1999 Jia-A League match-fixing controversy

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The 1999 Jia-A League match-fixing controversy refers to a match between Chongqing Longxin and Shenyang Haishi during the final round of the 1999 Chinese Jia-A League, held on December 15, 1999. The match was won by Shenyang Haishi by 2–1 under heavy match fixing accusation from Chongqing fans. Both teams eventually were investigated and fined by the Chinese Football Association (CFA) in 2000 for passive play[1] as no evidence of bribery was found. In a documentary of the game aired by CCTV-5's Football Night program, referee Lu Jun was suggested to play a central role in ensuring final round's results.

Background[edit]

The last two positions of the league were scheduled for demotion. Wuhan Hongtao K already locked up one before the final round of the season. There were 5 teams trying to avoid a similar fate in the final round, including Shenzhen Pingan and Dalian Wanda with 28 points, Qingdao Hainiu and Guangzhou Songri with 27 points, as well as Shenyang Haishi with 25 points. The tie breaker was the face-to-face record, so if every team tie at 28 points, both Qingdao and Shenzhen would rank last.

With a 2-game winning streak, Qingdao was expected to win over Jilin Aodong, a team had no important goal to fight for and was on the road. Guangzhou was expected to at least tie with Tianjin Taida. Shenyang was on the cliff as it was at least 2-points behind others and the opponent Chongqing Longxin was fighting for the second place.[2]

The game[edit]

To reduce incentive of match fixing based on results in other stadiums, all games where scheduled to start on the same time. With a first-half goal by Chongqing striker Mark Williams, Shenyang Haishi's demotion seemed inevitable, as the scoreboard did not show how much control of the ball Chongqing had.

However, the match's second half was delayed by six minutes. By that time Chongqing played passively for the second half, triggering accusations of match-fixing from fans. Shenyang tied the game in the 71st minute, and turned the table with a goal in the final minute, 10 minutes after the other games had ended.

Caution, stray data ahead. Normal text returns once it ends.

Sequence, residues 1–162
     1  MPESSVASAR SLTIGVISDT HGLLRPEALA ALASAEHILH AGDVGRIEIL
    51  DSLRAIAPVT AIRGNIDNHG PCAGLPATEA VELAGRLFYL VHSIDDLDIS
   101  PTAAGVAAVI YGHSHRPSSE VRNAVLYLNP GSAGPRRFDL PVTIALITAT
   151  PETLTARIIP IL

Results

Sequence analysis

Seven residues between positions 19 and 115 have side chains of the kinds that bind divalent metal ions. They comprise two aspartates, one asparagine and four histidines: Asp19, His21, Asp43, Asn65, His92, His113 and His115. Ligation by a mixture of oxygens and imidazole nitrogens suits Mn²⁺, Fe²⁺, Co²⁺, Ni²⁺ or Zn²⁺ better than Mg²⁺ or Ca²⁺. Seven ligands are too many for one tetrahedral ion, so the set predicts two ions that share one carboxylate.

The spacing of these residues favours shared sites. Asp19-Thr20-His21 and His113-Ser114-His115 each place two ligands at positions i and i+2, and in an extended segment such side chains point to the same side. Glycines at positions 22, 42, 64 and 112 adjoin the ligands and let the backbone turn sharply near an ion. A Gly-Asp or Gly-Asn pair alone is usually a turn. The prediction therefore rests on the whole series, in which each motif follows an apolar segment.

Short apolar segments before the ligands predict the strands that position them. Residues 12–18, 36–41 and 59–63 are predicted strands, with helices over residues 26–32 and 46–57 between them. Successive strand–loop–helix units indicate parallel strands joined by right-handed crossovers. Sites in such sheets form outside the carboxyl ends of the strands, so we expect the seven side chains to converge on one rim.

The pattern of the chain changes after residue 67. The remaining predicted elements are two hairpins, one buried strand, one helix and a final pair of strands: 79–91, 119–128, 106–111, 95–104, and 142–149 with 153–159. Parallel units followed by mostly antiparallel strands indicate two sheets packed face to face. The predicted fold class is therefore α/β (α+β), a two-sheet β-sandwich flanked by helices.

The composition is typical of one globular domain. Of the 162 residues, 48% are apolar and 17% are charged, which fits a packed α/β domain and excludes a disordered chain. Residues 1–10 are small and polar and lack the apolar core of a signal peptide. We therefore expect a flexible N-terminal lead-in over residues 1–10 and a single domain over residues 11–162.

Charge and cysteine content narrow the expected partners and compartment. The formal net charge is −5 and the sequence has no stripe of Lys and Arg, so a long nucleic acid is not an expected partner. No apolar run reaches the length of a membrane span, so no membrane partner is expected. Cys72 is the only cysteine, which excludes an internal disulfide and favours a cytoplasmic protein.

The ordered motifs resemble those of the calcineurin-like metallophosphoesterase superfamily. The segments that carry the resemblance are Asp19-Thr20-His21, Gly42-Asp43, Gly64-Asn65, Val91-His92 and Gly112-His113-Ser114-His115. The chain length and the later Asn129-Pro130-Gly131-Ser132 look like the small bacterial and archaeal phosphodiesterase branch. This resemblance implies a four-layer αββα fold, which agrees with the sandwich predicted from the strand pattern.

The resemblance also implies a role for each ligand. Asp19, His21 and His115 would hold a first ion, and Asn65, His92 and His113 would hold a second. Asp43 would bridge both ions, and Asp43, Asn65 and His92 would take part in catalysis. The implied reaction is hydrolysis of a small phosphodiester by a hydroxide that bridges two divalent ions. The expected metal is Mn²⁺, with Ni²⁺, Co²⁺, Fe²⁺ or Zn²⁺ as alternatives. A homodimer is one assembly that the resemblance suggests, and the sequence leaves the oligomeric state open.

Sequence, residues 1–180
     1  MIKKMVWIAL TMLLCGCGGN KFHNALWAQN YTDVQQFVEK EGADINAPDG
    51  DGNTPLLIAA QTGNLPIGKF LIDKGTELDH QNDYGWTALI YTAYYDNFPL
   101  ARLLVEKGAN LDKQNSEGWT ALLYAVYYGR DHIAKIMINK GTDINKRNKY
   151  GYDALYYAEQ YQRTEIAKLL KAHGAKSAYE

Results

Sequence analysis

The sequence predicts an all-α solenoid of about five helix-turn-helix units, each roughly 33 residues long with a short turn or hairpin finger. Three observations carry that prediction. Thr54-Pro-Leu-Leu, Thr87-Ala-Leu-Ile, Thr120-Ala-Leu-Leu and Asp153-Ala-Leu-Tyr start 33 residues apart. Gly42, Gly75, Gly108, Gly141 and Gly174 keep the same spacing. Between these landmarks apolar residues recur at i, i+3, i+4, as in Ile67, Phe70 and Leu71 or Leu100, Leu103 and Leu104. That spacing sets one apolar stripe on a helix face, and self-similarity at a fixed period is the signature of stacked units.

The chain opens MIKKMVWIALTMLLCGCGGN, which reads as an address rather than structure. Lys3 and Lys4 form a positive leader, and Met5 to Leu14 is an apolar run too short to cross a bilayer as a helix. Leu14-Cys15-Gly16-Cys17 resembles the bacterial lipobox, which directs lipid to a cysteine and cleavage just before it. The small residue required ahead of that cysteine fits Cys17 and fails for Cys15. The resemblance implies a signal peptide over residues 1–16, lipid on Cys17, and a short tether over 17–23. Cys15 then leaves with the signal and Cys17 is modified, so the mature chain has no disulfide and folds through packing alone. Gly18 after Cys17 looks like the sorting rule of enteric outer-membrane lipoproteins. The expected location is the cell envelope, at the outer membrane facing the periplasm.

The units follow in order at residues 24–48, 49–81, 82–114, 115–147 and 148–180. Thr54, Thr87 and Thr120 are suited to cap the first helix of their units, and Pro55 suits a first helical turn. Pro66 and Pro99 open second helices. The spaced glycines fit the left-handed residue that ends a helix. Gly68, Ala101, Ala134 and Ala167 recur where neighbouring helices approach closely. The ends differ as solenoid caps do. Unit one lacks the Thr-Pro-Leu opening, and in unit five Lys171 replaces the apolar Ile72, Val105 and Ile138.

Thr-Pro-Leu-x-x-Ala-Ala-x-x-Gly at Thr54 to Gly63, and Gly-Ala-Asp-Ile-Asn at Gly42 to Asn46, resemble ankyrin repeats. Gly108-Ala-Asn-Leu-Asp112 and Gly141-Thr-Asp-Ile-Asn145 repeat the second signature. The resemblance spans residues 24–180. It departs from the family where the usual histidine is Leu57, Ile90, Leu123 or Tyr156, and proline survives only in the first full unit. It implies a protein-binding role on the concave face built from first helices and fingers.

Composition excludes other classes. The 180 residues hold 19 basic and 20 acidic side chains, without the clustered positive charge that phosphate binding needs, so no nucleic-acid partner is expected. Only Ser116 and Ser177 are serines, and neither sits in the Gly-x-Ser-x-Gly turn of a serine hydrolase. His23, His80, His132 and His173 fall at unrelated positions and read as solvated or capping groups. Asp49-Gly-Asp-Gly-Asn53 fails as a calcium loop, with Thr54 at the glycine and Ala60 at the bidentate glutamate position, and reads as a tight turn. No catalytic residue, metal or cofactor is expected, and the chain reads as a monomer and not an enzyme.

Aftermath[edit]

As arranged by Lu Jun, Guangdong Songsi lost to Tianjin Taida and was relegated. CFA questioned coaches, players and staff from both Chongqing and Shenyang but did not find any evidence of foul playing; however it still fined both teams for passive playing. In response, CFA changed its code of conduct to include point deduction as a punishment for passive play.[3]

Zhang Jianqiang, the director of the CFA's referee committee who was bribed by the president of the Shenyang Haishi club, appointed Lu Jun to be the fourth official of the game, who just negotiated a plan for Guangzhou Songsi to lose to Tianjin Taida.[4] Lu allowed the game's delay in spite of league rules. Both Zhang and Lu were convicted by the Tieling Intermediate People's Court for their roles in fixing the match among other charges, and were banned from football for life, initially by CFA,[5] and then by FIFA.[6]

References[edit]

  1. ^ "Chronology – Chinese match-fixing cases since 1994". Reuters Via ESPN.
  2. ^ "Chongqing–Shenyang detailed replay, Zhang Jianqiang took 680,000 to free Haishi". Oriental Sports Daily via Netease. December 20, 2011.
  3. ^ "Jia A: passive play can be judged by experts, football association amend "constitution"". Football via Sina. March 23, 2000.
  4. ^ "Court told 5.5m yuan paid to win the league". Shanghai Daily. December 22, 2011.
  5. ^ "(Sports Focus) List of individuals, clubs punished by CFA for soccer fraud". Xinhua. February 18, 2013.
  6. ^ "Update 1 – Soccer-FIFA extends China match-fixing bans worldwide". Reuters via Yahoo.